I am processing S1 SLC images in python, unfortunately I have to use snappy to calibrate the images in Python before I can use them. I run my script to process multiple SLC images
I am not exactly sure how it works, but it seems to me there is some sort of issue with the allocation and clearing of memory in snappy.When I look at the memory usage in windows, I notice that with every image processed, the Standby (cached) memory increases. This happens specifically in the part of the script where I am using the snappy module to Calibrate the SLC images.
This memory is not cleared or released, even though the Python script started processing the next SLC image. I tried several tricks in Python (garbage collecting, multiprocessing, etc…) but it wont seem to clear this cached memory.
Could anyone familiar with snappy help me with this issue… So far it has been driving me nuts…
This is the part of the code responsible for reading and calibrating the SLC images:
print('Reading...') time_1 = datetime.datetime.utcnow() # ~~~~~input data~~~~~ tl_x = 0 width = meta['samplesPerBurst']
tl_y = 0 height = meta['linesPerBurst'] * len(burst['azimuthTime'])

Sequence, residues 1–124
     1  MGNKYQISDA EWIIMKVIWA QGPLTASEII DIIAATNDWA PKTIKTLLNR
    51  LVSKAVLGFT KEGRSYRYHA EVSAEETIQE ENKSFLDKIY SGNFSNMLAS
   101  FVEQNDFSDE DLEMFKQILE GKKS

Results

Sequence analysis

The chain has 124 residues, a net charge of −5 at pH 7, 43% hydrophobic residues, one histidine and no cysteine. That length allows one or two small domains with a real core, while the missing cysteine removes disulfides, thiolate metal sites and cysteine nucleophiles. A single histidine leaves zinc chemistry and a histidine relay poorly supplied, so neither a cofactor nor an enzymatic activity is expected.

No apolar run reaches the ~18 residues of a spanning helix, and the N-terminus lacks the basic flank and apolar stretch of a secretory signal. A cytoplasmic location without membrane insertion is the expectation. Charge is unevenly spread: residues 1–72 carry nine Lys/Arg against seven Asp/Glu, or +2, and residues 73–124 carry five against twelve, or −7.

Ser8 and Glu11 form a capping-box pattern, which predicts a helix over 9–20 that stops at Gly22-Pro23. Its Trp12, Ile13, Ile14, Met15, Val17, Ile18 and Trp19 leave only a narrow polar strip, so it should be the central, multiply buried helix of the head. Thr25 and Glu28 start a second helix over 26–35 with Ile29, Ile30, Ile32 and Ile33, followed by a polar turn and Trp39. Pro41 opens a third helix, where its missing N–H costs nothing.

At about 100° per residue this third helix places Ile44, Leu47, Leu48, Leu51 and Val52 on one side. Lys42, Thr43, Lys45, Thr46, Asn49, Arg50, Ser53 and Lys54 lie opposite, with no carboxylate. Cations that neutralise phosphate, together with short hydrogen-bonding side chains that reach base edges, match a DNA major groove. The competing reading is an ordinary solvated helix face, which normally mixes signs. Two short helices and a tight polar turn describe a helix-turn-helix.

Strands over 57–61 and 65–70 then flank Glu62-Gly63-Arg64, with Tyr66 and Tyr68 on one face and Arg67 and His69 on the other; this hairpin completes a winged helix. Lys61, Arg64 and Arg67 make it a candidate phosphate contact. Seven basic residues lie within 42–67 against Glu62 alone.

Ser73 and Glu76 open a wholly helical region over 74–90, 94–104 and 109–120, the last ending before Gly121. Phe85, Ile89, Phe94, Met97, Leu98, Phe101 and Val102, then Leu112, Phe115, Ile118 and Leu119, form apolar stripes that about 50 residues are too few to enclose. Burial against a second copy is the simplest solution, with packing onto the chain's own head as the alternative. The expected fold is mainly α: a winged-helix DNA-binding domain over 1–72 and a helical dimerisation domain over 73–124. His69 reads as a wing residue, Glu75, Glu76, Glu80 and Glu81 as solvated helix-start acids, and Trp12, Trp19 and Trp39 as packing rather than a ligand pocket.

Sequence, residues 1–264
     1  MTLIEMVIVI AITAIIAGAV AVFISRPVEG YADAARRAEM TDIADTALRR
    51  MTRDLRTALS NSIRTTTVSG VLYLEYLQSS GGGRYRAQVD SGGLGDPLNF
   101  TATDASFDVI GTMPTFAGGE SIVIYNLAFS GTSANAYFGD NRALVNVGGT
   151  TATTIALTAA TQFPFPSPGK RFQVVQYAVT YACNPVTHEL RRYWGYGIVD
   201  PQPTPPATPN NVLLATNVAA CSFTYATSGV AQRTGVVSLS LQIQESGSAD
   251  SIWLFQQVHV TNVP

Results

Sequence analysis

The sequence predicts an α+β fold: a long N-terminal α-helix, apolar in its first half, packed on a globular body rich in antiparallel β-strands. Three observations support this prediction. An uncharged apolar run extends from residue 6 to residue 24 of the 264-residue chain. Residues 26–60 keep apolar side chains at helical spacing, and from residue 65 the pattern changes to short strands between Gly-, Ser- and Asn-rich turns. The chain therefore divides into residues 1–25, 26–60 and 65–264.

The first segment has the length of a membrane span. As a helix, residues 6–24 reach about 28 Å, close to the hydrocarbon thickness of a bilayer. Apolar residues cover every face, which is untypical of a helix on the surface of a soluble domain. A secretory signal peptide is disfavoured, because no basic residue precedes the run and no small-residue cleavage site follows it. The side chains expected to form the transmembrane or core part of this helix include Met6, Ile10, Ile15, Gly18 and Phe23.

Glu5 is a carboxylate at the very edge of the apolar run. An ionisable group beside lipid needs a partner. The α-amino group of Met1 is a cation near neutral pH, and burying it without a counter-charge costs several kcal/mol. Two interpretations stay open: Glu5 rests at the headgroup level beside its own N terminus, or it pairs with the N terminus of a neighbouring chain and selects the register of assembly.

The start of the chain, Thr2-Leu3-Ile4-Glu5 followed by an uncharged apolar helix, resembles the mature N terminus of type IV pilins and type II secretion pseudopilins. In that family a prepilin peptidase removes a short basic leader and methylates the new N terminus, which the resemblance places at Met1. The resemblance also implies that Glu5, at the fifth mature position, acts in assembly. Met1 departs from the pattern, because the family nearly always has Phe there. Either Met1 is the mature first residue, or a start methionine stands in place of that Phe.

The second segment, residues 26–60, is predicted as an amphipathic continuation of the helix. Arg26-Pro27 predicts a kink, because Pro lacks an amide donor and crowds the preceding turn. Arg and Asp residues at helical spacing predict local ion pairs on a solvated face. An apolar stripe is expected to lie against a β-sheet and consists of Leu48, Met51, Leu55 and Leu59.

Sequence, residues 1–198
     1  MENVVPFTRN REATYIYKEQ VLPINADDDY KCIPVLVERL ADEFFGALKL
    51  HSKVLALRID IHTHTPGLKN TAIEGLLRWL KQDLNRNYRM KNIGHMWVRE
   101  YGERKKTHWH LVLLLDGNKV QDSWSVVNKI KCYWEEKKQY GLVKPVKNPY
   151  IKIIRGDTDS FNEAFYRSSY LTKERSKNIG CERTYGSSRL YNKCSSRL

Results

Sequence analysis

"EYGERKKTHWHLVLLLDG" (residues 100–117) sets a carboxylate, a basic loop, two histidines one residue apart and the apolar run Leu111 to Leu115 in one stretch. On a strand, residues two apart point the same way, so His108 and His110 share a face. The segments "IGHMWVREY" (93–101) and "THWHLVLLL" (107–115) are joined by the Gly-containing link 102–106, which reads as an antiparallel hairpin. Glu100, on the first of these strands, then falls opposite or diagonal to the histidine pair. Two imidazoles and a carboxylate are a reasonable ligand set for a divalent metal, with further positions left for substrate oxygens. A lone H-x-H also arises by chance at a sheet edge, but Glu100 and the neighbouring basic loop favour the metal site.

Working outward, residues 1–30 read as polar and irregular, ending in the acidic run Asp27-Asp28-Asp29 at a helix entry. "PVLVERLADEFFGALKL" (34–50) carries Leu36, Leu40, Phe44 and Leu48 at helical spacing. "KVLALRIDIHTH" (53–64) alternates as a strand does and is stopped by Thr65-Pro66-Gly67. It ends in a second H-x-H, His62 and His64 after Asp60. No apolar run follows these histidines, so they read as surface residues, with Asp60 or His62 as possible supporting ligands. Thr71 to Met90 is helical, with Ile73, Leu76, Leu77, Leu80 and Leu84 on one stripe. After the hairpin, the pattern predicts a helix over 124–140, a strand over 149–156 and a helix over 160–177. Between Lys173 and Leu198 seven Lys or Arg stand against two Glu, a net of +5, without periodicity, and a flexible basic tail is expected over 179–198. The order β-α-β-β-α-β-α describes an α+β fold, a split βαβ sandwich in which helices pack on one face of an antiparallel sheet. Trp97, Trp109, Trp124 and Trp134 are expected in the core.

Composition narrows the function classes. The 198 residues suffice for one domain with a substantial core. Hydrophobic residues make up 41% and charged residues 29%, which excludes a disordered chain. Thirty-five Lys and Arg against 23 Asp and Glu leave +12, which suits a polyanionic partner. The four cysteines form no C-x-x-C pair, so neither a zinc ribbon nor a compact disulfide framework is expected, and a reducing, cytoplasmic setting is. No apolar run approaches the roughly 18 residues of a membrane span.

# ~~~~~Snappy Calibration~~~~~
GPF.getDefaultInstance().getOperatorSpiRegistry().loadOperatorSpis() satdata = ProductIO.readProduct(loc)
# Calibration parameters = HashMap() parameters.put('outputSigmaBand', True) parameters.put('selectedPolarisations', 'VV') parameters.put('outputImageInComplex', True) product = GPF.createProduct("Calibration", parameters, satdata)
print(datetime.datetime.utcnow()) # read bands bi_VV = product.getBand('i_' + swath + '_VV') bq_VV = product.getBand('q_' + swath + '_VV')
# create numpy variables i_VV = np.zeros((height, width), dtype=np.float32) q_VV = np.zeros((height, width), dtype=np.float32)
i_array = bi_VV.readPixels(tl_x, tl_y, width, height, i_VV) q_array = bq_VV.readPixels(tl_x, tl_y, width, height, q_VV)
slc = i_array + 1j * q_array
# delete product from memory satdata.dispose() product.dispose()
import jpy System = jpy.get_type('java.lang.System') System.gc()